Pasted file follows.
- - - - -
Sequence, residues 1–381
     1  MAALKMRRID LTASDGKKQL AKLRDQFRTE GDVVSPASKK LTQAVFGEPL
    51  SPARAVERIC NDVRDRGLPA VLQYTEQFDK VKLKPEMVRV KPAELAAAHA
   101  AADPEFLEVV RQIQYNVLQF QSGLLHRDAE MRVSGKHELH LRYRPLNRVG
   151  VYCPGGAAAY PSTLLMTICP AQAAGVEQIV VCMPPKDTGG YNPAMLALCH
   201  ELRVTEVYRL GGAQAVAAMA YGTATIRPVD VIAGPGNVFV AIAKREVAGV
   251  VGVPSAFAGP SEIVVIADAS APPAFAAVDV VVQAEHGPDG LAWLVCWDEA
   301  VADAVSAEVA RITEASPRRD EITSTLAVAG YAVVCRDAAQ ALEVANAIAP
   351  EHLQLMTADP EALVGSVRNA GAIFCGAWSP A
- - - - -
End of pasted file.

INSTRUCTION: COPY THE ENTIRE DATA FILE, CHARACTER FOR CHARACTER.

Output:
Sequence, residues 1–381
     1  MAALKMRRID LTASDGKKQL AKLRDQFRTE GDVVSPASKK LTQAVFGEPL
    51  SPARAVERIC NDVRDRGLPA VLQYTEQFDK VKLKPEMVRV KPAELAAAHA
   101  AADPEFLEVV RQIQYNVLQF QSGLLHRDAE MRVSGKHELH LRYRPLNRVG
   151  VYCPGGAAAY PSTLLMTICP AQAAGVEQIV VCMPPKDTGG YNPAMLALCH
   201  ELRVTEVYRL GGAQAVAAMA YGTATIRPVD VIAGPGNVFV AIAKREVAGV
   251  VGVPSAFAGP SEIVVIADAS APPAFAAVDV VVQAEHGPDG LAWLVCWDEA
   301  VADAVSAEVA RITEASPRRD EITSTLAVAG YAVVCRDAAQ ALEVANAIAP
   351  EHLQLMTADP EALVGSVRNA GAIFCGAWSP A